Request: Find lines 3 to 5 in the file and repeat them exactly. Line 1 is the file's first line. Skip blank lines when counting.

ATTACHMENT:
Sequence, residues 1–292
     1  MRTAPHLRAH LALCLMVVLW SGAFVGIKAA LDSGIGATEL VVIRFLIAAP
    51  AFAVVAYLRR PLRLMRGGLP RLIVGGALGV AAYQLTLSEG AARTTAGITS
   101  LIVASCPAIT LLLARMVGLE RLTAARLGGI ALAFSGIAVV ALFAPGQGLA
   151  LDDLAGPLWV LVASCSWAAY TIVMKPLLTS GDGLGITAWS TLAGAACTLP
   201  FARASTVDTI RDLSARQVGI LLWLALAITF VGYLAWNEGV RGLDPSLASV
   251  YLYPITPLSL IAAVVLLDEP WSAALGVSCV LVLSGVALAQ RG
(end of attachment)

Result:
    51  AFAVVAYLRR PLRLMRGGLP RLIVGGALGV AAYQLTLSEG AARTTAGITS
   101  LIVASCPAIT LLLARMVGLE RLTAARLGGI ALAFSGIAVV ALFAPGQGLA
   151  LDDLAGPLWV LVASCSWAAY TIVMKPLLTS GDGLGITAWS TLAGAACTLP